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Tuesday, 13 November 2018

Merging galaxies vs expanding Universe

On 31 October 2018, Nature magazine published research by Dutch-Portuguese scientist Amina Helmi that our Milky Way galaxy is actually a merger of two galaxies, which collided some 10 billion years ago. That collision resulted in "the formation of the Milky Way’s inner stellar halo and thick disk" (Nature). The smaller galaxy has been named Gaia-Enceladus (Trouw).

In about 4 billion years, scientists expect another collision between our Milky Way and the (now) far away Andromeda Galaxy: the Andromeda-Milky Way collision. The concepts of merging galaxies in an expanding Universe feels like a contradiction. It would make much more sense finding merging galaxies in a shrinking Universe.

A recent Phys article sheds some light on these collisions and mergers between galaxies. It appears that pairs of supermassive black holes are responsible:
"For the first time, a team of astronomers has observed several pairs of galaxies in the final stages of merging together into single, larger galaxies. Peering through thick walls of gas and dust surrounding the merging galaxies' messy cores, the research team captured pairs of supermassive black holes—each of which once occupied the center of one of the two original smaller galaxies—drawing closer together before they coalescence into one giant black hole." (Phys)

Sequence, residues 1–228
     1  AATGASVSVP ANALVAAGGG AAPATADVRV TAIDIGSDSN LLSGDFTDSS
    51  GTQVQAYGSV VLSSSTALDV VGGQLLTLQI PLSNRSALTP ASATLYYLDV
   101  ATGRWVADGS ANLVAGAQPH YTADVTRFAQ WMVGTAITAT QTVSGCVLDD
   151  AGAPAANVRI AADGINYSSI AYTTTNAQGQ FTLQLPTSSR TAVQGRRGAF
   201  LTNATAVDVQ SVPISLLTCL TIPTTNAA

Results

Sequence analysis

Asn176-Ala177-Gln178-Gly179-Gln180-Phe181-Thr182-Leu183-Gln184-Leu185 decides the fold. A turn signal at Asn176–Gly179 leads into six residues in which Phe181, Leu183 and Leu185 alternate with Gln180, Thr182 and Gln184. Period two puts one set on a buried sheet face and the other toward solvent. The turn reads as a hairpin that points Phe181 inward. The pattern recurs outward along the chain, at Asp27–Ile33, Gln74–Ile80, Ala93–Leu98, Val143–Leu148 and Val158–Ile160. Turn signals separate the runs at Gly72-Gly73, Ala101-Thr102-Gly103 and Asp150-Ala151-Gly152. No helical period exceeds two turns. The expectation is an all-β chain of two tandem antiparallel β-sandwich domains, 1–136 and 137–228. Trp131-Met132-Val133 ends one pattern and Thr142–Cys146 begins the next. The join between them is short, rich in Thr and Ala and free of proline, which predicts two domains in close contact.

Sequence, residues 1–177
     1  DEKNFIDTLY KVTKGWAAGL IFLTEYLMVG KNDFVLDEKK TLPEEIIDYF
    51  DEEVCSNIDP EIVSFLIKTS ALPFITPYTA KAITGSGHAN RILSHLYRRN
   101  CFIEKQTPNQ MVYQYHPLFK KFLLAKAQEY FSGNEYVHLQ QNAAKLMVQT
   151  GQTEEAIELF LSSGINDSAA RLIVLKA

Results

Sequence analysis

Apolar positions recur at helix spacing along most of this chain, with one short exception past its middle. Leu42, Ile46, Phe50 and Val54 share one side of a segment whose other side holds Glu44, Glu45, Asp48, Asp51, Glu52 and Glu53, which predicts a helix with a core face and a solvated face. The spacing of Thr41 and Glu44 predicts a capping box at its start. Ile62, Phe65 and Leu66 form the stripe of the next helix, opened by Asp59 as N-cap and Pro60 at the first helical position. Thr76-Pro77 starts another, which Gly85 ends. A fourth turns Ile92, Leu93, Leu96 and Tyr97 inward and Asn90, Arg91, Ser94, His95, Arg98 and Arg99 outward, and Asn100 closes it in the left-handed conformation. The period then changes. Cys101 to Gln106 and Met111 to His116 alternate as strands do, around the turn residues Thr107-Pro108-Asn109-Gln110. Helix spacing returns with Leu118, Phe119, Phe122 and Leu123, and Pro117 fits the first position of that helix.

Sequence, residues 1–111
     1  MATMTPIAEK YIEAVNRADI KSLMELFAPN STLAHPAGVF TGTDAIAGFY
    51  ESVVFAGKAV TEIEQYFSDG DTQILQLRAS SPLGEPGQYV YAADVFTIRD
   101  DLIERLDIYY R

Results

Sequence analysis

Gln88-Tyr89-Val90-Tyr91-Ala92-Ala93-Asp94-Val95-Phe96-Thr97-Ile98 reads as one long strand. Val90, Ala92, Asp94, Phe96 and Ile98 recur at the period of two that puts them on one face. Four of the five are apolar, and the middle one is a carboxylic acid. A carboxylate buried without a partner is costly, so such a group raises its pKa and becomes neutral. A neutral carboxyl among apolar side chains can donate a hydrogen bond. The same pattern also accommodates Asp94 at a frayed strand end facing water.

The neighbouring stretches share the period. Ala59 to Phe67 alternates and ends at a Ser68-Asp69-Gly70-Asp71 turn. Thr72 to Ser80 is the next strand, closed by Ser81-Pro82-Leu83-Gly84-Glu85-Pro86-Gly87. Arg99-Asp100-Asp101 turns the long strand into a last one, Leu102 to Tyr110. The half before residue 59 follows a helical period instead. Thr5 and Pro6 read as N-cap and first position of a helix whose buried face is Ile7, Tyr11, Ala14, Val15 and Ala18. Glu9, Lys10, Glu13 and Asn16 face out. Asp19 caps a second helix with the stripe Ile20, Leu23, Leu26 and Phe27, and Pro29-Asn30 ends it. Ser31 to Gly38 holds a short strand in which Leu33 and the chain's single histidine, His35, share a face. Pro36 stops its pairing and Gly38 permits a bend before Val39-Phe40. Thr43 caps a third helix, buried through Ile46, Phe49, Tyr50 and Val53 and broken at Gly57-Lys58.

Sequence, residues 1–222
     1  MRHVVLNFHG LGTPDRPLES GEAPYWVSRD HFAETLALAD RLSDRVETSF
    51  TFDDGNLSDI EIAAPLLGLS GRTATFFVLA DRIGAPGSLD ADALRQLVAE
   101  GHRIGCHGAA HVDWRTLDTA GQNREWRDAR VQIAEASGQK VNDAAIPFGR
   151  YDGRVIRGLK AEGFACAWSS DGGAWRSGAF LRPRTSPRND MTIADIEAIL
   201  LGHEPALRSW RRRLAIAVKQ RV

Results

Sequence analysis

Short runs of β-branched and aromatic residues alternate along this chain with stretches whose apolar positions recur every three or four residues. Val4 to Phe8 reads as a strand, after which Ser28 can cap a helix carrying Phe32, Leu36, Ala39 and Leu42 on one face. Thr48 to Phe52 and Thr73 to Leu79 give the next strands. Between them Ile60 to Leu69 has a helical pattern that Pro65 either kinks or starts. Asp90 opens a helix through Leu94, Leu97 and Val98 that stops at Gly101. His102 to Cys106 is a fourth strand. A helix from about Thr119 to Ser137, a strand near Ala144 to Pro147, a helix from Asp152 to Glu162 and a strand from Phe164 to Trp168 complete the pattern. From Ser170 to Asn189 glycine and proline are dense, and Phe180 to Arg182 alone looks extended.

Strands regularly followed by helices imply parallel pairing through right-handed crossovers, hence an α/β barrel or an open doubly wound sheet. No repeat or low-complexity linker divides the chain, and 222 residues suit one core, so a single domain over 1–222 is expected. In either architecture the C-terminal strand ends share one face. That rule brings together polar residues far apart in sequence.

Things can even get weirder. Science Alert of 8 November 2018 reports that "astronomers found a black hole rotating so fast, it could be spinning space itself":
"Black holes, while fascinating, are hardly a new discovery - but a black hole spinning at one of the highest speeds ever, according to the Hindustan Times, is a completely different story - especially when there have only ever been four others like it."
The above could explain the contradiction of merging galaxies within an expanding Universe. Black holes are responsible for both: the spinning or centrifugal force causes the expansion of the Universe. Simultaneously, black holes operate like a vacuum cleaner that suck up entire galaxies. To some extent, this process feels similar to a Dyson vacuum cleaner but without the plastic bin that collects the dust. 

After writing the above, I wondered where the energy - as required for the spinning - would come from. Then I realised that a swirl (a "turn in circles or spirals") automatically appears when you empty your bathtub. Hence, the speed of the spinning around of a black hole is - most likely - depending on the volume of the amount that is being sucked into the black hole.

Spinnin' and Spinnin' Around (1974) by Syreeta (1946-2004)


Note: all markings (bolditalicunderlining) by LO unless stated otherwise

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